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2005 E3Expo - Thursday, Day 2

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Moto GP 3 for PC (THQ)

Both THQ and Microsoft PC Games division had displays that included the new Moto GP3 motorcycle road racing title at this year's show. Surprisingly, Microsoft had only 1 PC loaded with MotoGP3, and was using it to host a hot-lap competition wherein the winner will receive a new gaming computer. I thought of entering the competition, until I saw the venue — a big leather sofa in front of a plasma TV, with the controller of choice being a game pad. I find it rather hard to precisely control a motor vehicle with a game pad, and luckily for me none of the real motorcycles or cars in this world come with game pads in place of trusty old, boring handlebars or steering wheels. I did take heart in the game's physics model though, as I watched teen after teen start his hot lap run with a full throttle run right into and through turn 1, ending up time after time in the outside wall. We moved over to the adjacent THQ exhibit area to get a better look at this exciting motorcycle racing title. Surely the game developer and publisher would be smarter about providing a controller worthy of their product? Well, um, no actually.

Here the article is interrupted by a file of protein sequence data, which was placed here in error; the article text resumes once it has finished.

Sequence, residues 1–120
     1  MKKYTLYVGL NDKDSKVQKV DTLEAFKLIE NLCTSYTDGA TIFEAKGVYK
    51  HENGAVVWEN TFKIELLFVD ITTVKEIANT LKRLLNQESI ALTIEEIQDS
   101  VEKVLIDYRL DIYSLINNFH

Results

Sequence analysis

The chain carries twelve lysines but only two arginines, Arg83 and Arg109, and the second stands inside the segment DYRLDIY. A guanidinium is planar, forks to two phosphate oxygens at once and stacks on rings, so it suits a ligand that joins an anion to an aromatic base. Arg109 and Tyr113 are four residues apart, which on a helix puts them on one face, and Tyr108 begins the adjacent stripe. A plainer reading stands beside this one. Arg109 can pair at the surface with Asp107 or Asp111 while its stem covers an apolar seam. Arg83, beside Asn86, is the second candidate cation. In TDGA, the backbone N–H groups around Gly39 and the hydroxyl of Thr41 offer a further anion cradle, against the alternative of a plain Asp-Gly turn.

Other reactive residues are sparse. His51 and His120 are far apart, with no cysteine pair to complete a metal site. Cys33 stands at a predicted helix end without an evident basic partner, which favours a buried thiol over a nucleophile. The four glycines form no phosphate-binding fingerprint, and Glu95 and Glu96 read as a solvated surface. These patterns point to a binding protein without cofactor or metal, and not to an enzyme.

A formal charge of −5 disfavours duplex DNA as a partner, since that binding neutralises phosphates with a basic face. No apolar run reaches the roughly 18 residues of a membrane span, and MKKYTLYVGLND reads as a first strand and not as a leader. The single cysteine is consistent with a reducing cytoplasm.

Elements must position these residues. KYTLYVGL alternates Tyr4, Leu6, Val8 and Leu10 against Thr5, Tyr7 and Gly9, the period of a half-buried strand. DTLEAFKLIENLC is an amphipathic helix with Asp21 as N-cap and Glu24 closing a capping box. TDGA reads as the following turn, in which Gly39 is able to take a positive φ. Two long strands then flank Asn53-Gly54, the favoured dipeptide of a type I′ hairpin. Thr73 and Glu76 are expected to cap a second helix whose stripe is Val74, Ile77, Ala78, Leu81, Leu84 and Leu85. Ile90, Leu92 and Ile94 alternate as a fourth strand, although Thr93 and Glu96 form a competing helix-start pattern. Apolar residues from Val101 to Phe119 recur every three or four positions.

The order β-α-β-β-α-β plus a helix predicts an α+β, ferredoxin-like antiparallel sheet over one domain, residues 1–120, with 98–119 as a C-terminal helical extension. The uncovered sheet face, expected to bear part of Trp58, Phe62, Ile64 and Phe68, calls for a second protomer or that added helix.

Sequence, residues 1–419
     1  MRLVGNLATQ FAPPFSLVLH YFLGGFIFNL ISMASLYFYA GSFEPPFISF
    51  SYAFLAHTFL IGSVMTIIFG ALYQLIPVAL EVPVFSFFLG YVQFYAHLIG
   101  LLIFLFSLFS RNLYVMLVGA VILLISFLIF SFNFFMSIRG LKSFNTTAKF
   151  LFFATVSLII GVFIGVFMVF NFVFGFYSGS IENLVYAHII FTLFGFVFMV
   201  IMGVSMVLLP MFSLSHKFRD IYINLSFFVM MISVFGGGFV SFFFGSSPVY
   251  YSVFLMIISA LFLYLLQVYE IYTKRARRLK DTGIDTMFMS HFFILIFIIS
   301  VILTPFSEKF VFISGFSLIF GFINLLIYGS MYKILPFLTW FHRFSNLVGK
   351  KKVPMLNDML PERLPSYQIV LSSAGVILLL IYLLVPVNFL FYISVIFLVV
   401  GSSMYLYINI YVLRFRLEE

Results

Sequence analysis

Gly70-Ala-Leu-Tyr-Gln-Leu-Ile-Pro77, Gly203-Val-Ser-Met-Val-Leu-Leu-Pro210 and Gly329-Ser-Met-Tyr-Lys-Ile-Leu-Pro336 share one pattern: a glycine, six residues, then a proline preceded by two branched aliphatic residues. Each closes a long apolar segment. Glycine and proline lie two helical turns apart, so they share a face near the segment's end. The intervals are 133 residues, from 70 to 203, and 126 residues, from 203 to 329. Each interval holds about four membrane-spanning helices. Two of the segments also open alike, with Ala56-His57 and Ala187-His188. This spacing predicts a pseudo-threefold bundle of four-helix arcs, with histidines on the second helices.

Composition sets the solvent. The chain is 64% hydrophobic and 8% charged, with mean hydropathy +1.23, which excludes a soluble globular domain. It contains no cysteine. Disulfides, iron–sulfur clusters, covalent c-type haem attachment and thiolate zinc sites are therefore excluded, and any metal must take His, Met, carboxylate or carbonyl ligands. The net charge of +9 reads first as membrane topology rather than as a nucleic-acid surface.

At THQ, Moto GP for the PC was offered for testing on one PC station, flanked by 2 console systems. The game was locked in 3rd person view, and vehicle control was afforded by the venerable keyboard. Indeed, there is one device that's less adept at high performance vehicle control than a game pad, and THQ found it. Regardless, I gave Moto GP3 a spin. Using the arrow keys on the keyboard, I was able to select either full brake, full throttle, idle or full handlebar throw as the subtle and finesse-filled options for controlling my high-performance racing motorcycle on the track. Great fun... not.

Driving Impressions: The game is graphically pretty on the PC and features a training option of a "best lap" ghost bike that acts as a telemetry "rabbit" for drivers to chase round the track, allowing the player to see where he's not running consistently and where he/she is improving. I liked this feature for providing a graphic, real time way to visualize the telemetry data between best lap and current lap. As for the physics model, AI performance, etc. I can't really comment, since I couldn't get a feel for the game with all the driver aid options locked into the 'On' position, the visuals locked in 3rd person view, and with an on/off controller like a keyboard for vehicle control. How disappointing THQ and Microsoft's presentation of this interesting title was.

Friday is the wrap-up day for E3Expo as we race around attempting to see the remaining products and people at this years show.

We'll be back tomorrow night with the finale.

Chunx and 20mm with friends.


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